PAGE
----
It is with much interest that a music reader will learn how "Mersenne verified his observations 'very exactly more than a hundred times, on the viol and on a theorbo
, as well as on two monochords'" (Pesic, 2014, p.
DiDonato, who looked like a Baroque rock star with her short, punk hairstyle and crimson Vivienne Westwood gown, was accompanied by Il Pomo d'Oro orchestra, a 16-member ensemble from Italy that plays period Baroque instruments including the harpsichord and theorbo
, a type of lute.
The petit motets are intimate works that were usually for one, two, three, or, rarely, four voices (male, female, or mixed) with accompaniment of two violins, keyboard, and a bass stringed instrument like a cello, viola da gamba, and often a flute, theorbo
is an obselete form of which musical instrument?
I spied a harpsichord nestling in the pit and there was also a Theorbo
(a base Lute, apparently).
In 1707, for example, the coro was made up of thirteen active vocalists, (five sopranos, four contraltos, three tenors, and a bass), and sixteen instrumentalists (five first-violinists, two violists, four cellists, one doublebass player, one theorbo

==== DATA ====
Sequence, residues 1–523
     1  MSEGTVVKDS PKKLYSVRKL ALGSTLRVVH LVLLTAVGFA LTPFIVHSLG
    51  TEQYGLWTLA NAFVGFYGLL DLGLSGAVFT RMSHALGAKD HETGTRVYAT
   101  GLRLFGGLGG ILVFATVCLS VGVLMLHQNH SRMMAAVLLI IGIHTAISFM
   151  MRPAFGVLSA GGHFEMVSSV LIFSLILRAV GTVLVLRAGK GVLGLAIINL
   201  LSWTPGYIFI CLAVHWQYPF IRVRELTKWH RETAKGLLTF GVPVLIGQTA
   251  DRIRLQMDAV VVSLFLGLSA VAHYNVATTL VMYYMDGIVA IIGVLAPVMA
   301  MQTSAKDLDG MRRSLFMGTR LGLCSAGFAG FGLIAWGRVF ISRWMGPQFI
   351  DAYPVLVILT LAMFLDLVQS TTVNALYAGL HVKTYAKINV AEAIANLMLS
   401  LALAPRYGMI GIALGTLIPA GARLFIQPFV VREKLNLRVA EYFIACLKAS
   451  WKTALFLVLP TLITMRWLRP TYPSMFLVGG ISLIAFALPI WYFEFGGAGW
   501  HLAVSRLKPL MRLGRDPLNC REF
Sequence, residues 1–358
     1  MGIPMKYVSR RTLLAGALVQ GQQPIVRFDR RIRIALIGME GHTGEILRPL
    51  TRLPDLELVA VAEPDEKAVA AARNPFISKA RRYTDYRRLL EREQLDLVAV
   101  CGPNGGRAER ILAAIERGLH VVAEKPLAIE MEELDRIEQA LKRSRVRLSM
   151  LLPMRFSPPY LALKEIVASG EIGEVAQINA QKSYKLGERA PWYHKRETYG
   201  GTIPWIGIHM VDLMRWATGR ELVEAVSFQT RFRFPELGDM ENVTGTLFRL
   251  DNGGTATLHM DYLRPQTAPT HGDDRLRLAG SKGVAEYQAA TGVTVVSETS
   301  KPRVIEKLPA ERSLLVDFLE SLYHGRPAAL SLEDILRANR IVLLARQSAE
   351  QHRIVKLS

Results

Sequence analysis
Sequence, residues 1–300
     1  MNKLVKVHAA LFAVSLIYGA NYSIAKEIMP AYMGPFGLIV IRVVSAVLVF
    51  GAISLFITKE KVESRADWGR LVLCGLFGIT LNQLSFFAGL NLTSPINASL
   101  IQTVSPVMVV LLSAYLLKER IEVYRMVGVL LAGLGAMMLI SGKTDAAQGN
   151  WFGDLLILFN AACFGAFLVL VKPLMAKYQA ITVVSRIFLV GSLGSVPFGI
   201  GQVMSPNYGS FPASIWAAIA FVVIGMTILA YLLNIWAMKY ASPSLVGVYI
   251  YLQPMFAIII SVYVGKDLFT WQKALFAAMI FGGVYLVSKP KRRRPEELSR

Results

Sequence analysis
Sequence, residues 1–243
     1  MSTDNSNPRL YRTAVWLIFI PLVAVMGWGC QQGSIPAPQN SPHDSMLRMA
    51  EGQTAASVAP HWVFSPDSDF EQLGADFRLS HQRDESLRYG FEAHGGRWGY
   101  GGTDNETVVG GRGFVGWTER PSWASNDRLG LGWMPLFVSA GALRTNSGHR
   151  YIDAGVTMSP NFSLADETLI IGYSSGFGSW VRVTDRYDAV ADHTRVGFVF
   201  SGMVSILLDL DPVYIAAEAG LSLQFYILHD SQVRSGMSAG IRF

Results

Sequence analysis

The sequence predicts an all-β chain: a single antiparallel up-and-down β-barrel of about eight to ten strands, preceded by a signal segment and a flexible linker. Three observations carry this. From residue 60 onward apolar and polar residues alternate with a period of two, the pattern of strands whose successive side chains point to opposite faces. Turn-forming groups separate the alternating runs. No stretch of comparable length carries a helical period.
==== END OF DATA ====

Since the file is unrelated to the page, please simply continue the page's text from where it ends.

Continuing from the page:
(16) and three organists) (Baldauf-Berdes 236).
By the Baroque period it had developed larger and larger variants, which culminated in the sitar-like theorbo
. Recorders were designed in sets from small to large, as were viols.
of this instance for teaching mi Ladi Bayning to singe xl s' and purchased 'A Theorbo
for Mr Willson to play with nan as she singes.
Of particular interest is Batschmann's discussion of images of artists as musicians, from the famous group of music-making Venetian painters found in Veronese's Marriage Feast at Cana to a lesser-known engraving by Domenico Gandini, an example of nineteenth-century historicism that depicts Albrecht Duter in the company of Giorgione, who plucks a theorbo
. Ut pictura musica, a theme found in Vasati's biographies of the purportedly music-loving Giorgione and Leonardo, may have also informed Bellini's music-making angels who, according to the author, may at once represent Bellini's translation of "acoustic phenomena in visual terms" (190) and allude to the artist's own identity as a composer of color rones.
The accompanying ensemble consisted of Suzanne Stumpf, traverso (forerunner of the flute); Christina Day Martinson and Hilary Walther Cumming, violins; Daniel Ryan, cello; Olav Chris Henriksen, Baroque guitar and theorbo
, Nancy Hurrell, Spanish harp, and Michael Bahmann, harpsichord.
The group, led by Merseyside-born violinist Adrian Chandler, comprised cellist Gareth Deats, harpsichordist Joseph McHardy and theorbo
player Eligio Quinteiro.